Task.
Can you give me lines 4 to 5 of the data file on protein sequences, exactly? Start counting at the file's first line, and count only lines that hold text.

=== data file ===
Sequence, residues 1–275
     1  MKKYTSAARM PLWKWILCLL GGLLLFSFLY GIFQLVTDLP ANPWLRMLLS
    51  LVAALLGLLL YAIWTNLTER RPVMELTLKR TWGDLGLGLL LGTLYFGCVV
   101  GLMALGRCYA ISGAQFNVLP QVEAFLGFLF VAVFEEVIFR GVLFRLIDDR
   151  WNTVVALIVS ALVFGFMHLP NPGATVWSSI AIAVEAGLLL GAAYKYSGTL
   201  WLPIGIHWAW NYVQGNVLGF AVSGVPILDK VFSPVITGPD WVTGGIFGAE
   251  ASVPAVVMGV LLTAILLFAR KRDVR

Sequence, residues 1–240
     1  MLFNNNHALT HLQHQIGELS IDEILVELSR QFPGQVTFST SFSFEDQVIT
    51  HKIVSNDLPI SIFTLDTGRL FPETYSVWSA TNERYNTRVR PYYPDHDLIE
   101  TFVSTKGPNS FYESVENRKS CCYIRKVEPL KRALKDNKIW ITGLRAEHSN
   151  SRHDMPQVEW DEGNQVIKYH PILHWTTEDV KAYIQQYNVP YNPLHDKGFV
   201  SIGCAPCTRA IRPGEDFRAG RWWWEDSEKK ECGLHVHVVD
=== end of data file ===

   101  GLMALGRCYA ISGAQFNVLP QVEAFLGFLF VAVFEEVIFR GVLFRLIDDR
   151  WNTVVALIVS ALVFGFMHLP NPGATVWSSI AIAVEAGLLL GAAYKYSGTL